6.  Another way I encourage literacy without reading lessons, per se, is to ask her what she think is going to happen next as we read stories, or asking her what happens in a story we have already read, or asking her to pretend to be in a story we've read, etc.  She initiates the pretend part.  One of her favorite things to do a few months ago that was super cute was pretend to be a North-Going Zax and asking you to pretend to be a South-Going Zax and walk slowly toward each other until you bumped heads and got stuck like that.  Simple, but funny!  Now she and Cole make up their own stories with a set of stock characters every night.  Nat tells a piece, then Cole tells and piece etc. until Cole falls asleep.  Nat has also started invented spelling on her own and writes mostly single words this way but has also written a few sentences.  I was trained in teaching literacy with invented spelling a million years ago in a former life, so when she reads her words to me, I say "that's great!" then rewrite them the correct way beneath her inventions.  Last week, after I did this, she copied my corrections (while I was paying her no attention cleaning the kitchen or something) and she came and showed me.  She likes now, to have me write words and simple sentences that she dictates, then copies them herself.  Given her fine-motor limitations, I have not really attended much to correcting her handwriting, with the exception of making a connect-the-dots "S" for her now and then to practice writing S, as her Ss are more like Zs left to her own devices.

And there you have the story of Nat's reading journey thus far.  You can all say you virtually knew her when she's the first Chief Justice of the Supreme Court with dreadlocks to her butt.
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16 responses to “On Early Reading

  1. Tell the teacher. Send the whole story above to her in an email or letter. Face-toface, tell her Nat is an advanced reader and you want to make sure the teacher is aware.

  2. Thank you for your no-nonsense directive Holly. I will email and forward her right to this.

  3. How are the dreads coming along? :)

  4. Does Nat have locs now?! Please share! Sparkle just had his hair loc’d a few weeks ago.
    You might try the Mercy Watson series by Kate Dicamillo. Nat might be able to read quite a bit of it, but it’s definitely beyond Frog and Toad difficulty. The storytelling is great for about a 4-5 year old, just the right subtlety and humor.

  5. No locs yet. I’ve been picky who I ask to do it and those folks have declined saying her hair is not mature enough yet. Bummer.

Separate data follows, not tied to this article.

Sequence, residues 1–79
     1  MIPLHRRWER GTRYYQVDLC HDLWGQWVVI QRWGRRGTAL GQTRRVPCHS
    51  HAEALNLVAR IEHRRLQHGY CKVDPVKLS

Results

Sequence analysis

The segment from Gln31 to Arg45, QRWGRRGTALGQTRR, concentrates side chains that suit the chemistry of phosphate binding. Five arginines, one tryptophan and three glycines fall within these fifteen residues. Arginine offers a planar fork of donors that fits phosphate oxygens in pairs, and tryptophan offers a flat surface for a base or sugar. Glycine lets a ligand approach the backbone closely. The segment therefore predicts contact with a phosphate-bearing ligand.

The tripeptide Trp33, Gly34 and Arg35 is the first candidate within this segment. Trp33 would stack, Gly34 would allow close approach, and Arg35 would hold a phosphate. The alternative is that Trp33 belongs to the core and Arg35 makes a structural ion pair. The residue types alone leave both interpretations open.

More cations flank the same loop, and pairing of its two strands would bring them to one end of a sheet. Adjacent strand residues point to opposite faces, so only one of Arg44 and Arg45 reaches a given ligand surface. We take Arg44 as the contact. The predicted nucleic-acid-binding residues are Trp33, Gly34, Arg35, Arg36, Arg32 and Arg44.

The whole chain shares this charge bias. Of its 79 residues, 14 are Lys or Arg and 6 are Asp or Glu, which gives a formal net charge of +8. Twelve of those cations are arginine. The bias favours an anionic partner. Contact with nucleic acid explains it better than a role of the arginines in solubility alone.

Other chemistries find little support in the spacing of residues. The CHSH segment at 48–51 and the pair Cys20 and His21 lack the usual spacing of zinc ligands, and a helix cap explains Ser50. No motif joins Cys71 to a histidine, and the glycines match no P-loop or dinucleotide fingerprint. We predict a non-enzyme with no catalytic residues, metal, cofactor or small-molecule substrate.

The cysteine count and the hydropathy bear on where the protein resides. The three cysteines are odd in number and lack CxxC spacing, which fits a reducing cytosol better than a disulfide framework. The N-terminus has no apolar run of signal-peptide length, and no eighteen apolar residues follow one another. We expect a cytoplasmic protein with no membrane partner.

6. Shannon, as Holly said, by gosh, share this story with the teacher! Almost any district has email these days… send the teacher an email with the link to it, or just copied. And gauging by your great writing, she has had excellent modeling! Congrats, Nat! See you at the court! (My daughter will be a lawyer, I think, so…. ya never know!) Good luck!

  7. Actually, I had better clean up the typos if I forward the teacher here. Wince.

  8. Nat might also like some older stories- if they are okay with you (lots of gender stereotypes, not any diversity) like The Secret Garden or The Five Children and It. I’ve read some out loud to my kids (4 and 5) and they seem to enjoy it.

  9. Hi! Thanks for writing about this, we are going to get out the early learning books and keep reading while pointing out words. Its amazing how quickly they pick up new words-I overheard A. saying to herself, m-a-m-a for mam, n-o for no. I love hearing about your girls learning styles!

  10. Have you thought about the two of you writing stories for other kids who are advanced readers? You are obviously very creative and would have a great helper. Funds from the books could be placed in her college fund! If you didn’t publish them then she could always have them to look back on as she got older.
    Kimberly Johnson http://www.simplycreativeworks.com.htm is a friend of my family and has a very supportive publisher. If you wanted to pursue writing stories check them out.

  11. What an exciting story — and if you’re looking for good book options (I’m guessing the teachers are helping you now), you might try either the websites for gifted kids (personally those are not my cup of tea, but I didn’t have a super-early reader, either) or you could just try picture books with lots of words. As I’ve just been discovering again this year, many of them actually score very highly on the leveled-reading measures, but their topics are often quite age-appropriate for Nat.
    You’ll just have to keep a lot of them on-hand!

  12. Try Find-a-Book with Lexile at
    http://fab.lexile.com/
    You can just say that Nat’s a third-grader who finds her books challenging but not difficult. Then choose a topic (default is fiction and literature). It will take a while, because there’s thousands of books in that category and the lexile range is huge.
    Once you get the first list, there are a series of narrowing functions on the right: page count, age, and a slider bar to narrow the lexile score. I tried narrowing down to age 6 and under, and a page count below 48 (to get that picture-book sweet spot of 32) and there were still more than 1000 choices. Once I checked the “award winners” box, it dropped to 616.
    I know from experience that kids who can read well tend to dismiss picture books as “baby books” and only want to read chapter books, but Nat might be too young to have “learned” that lesson yet, and our reading teachers have really been trying to convince the third-graders to tackle more picture books.
    There’s a non-fiction tab, too, btw.

  13. Wow, that’s a great resource, Jody. Nat does not think picture books are baby books. She’s really very much a social 4-year old. She pretty much still prefers to sit on a lap and be read aloud to, given a choice. So that’s good!

  14. Thanks for the great ideas! My three-and-a-bit year old has a bunch of sight words too, and I guess is shaping up to be an early reader and because his fine motor skills aren’t up to writing letters we let him type. I’ve written about how conflicted I felt about it here: http://kedakeda.blogspot.com/2009/02/reading-writing.html (eight months on I’m a lot calmer).

  15. Pingback: Homeschooling Notes from August and September | Peter's Cross Station